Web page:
The piercing green of the Mara trees against the pristine white buildings that line Colombo’s avenues belies the economic turmoil that assails Sri Lanka. After a two-and-a-half-year pandemic-induced exile from my country, I returned home for a fortnight earlier this month with trepidation.
In the backdrop of fuel shortage, power cuts, and escalating food prices, a foreign diplomat I met in Colombo declared: “There is no milk.”
“Can’t you get some?” I asked. After all, he represents a section of Sri Lanka’s elite with more resources at his disposal than the average middle-class citizen. “Where would I get it?” he replied in exasperation. Apart from milk, which is not a staple in Sri Lankan diet, most food items are available–if you can pay for them.
While the poor worry about the next meal, the majority of the middle class are more concerned about giving up their privileges and putting their dreams on hold. My mother told me that she pays 35 Sri Lankan rupees (LKR) for one egg, when just a few months ago it was 16-17 LKR. A retired family friend who lives in the heart of Colombo makes do without a gardener and domestic help as a cost-cutting measure.
Life amid power cuts
The already slow pace of life in Colombo has come to a crawl with frequent power cuts and long queues to purchase fuel. It took me an hour and a half to withdraw money at a bank counter, and then get a new debit card. It was two days before my SIM was restored. A far cry from the ‘service at your fingertips’ mantra that Indian cities such as Mumbai and New Delhi take pride in.
There are power cuts in Sri Lanka as well, though the frequent outages never follow the meticulous schedule that the authorities publish. Students attending virtual classrooms have come to realise that their education is directly dependent on power cuts and curfews.
“Students are already behind because of Covid-19. Due to frequent and unscheduled power cuts, a teacher or a student invariably drops out of a virtual classroom,” said Nayantara, who teaches differently abled students at an elite all-girls school in Colombo.
Some areas, though, continue to enjoy uninterrupted power supply. Rumour has it that these are neighbourhoods where influential people reside. A friend from Kotte claimed that she has been spared of power cuts because a relative of Member of Parliament Basil Rajapaksa lives in the same neighbourhood.
Dreams on hold
The downward spiral of the Sri Lankan rupee has shattered the dreams of citizens, especially the younger generation who see themselves as equal to citizens in developed economies. A friend wants to leave to the UK, another to Australia as the usual standard of living is no longer sustainable.
My friend Kanishka now needs 8 lakh LKR to relocate to Dubai as against about 4 lakh LKR. It’s a dream he has been forced to put on hold. For now, Kanishka has also stopped construction work on his half-complete house, which already has vines growing on it. In 2019, a bag of cement was priced at 1,000 LKR, now it is closer to 3,000 LKR.
Galle Face: a beacon of hope
On my first day, I visited Galle Face in Colombo, the epicentre of the protest against President Gotabaya Rajapaksa’s government. I live in the suburbs about 15 km away and had only 2,000 LKR with me which I had to use carefully because autos (called tuks) and cabs have become prohibitively expensive.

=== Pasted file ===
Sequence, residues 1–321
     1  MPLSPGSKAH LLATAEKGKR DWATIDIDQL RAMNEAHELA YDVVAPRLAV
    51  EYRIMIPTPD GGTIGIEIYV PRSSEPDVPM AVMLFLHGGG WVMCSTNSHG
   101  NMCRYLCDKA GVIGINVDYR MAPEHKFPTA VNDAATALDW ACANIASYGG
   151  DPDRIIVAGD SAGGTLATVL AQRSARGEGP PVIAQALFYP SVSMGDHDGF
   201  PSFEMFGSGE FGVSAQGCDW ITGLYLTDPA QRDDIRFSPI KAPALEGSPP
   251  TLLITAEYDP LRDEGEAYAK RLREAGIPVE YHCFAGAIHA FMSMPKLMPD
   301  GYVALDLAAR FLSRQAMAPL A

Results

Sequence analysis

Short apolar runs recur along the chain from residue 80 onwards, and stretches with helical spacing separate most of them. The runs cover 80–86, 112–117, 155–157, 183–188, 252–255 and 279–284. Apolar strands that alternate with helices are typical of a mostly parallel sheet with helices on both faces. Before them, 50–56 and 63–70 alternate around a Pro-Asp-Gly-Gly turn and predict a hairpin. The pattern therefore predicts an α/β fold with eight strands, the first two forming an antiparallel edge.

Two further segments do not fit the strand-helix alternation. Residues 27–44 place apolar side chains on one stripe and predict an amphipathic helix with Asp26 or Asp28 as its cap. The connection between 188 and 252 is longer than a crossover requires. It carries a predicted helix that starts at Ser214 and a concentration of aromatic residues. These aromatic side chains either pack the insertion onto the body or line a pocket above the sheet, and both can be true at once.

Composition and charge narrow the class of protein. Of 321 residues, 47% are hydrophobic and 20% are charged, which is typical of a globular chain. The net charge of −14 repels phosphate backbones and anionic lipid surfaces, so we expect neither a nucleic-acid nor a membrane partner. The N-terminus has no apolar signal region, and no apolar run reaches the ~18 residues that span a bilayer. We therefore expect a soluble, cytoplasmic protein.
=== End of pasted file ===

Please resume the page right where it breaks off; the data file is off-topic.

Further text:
Galle Face was brightly lit, its roads packed with protesters. The atmosphere was electric, the mood a far cry from the desperation and turmoil that make national and international headlines. It felt like Sri Lanka was winning a cricket match. There was a rave in one corner, boys atop cars waving the Sri Lankan flag while a band performed as part of the protest.
“I have never seen anything like this,” I told Kanishka. A lady overheard us and added, “I am 50 and have never seen anything like this.”
Under the setting sun and a gold-streaked sky, the protest looked glorious, resounding with hope for a brighter future.
Escalating transport prices
Around 9 pm, I left the Galle Face protests. A tuk ride set me back by 1200 LKR. I still had to walk the final 650 metres to my house because I had run out of cash. In the fortnight that I spent with my family, I spent over 12,000 LKR just on Uber, and only to travel within Colombo.
While the middle class may have put their dreams on hold, daily life is a struggle for poorer sections of society. On my first day home, I was on the road trying to hail an auto, when a sunken-eyed woman with a little girl of about 7 asked if I had anything to eat.
Another day, while walking to the bus stand, a woman asked me for directions to an old-age home because she had nowhere else to go.
Two days before leaving Colombo, I saw a woman selling an incense box for 20 LKR. Even bus tickets cost more than that.
Amid this overwhelming desperation, it was surreal to see the middle class enjoying life. Inflation is at an all-time high, but they can afford to take the hit, dip into their savings and indulge in luxuries, occasionally. My friend’s foodie sister still makes spaghetti and meatballs, and buys lamb racks for 12,000 LKR. I went out for a lunch that cost over 10,000 LKR.
Supermarkets and department stores are better stocked compared to Kirana stores. However, everything is expensive. A bottle of Nivea body lotion, which retails for 450 Indian rupees, costs 2,290 LKR in Sri Lanka. You can rack up a bill of 5,000 LKR in a single visit to the grocery store. A person earning less than 1.5 lakh LKR a month will not have it easy, but for those who can afford it, almost everything is available — with the exception of milk, of course.
Since my return to India, the situation in Sri Lanka has worsened. In his first address to the nation since he took over as Prime Minister, Ranil Wickremesinghe warned that 15-hour power cuts were a possibility and that the country had petrol stocks to last one day.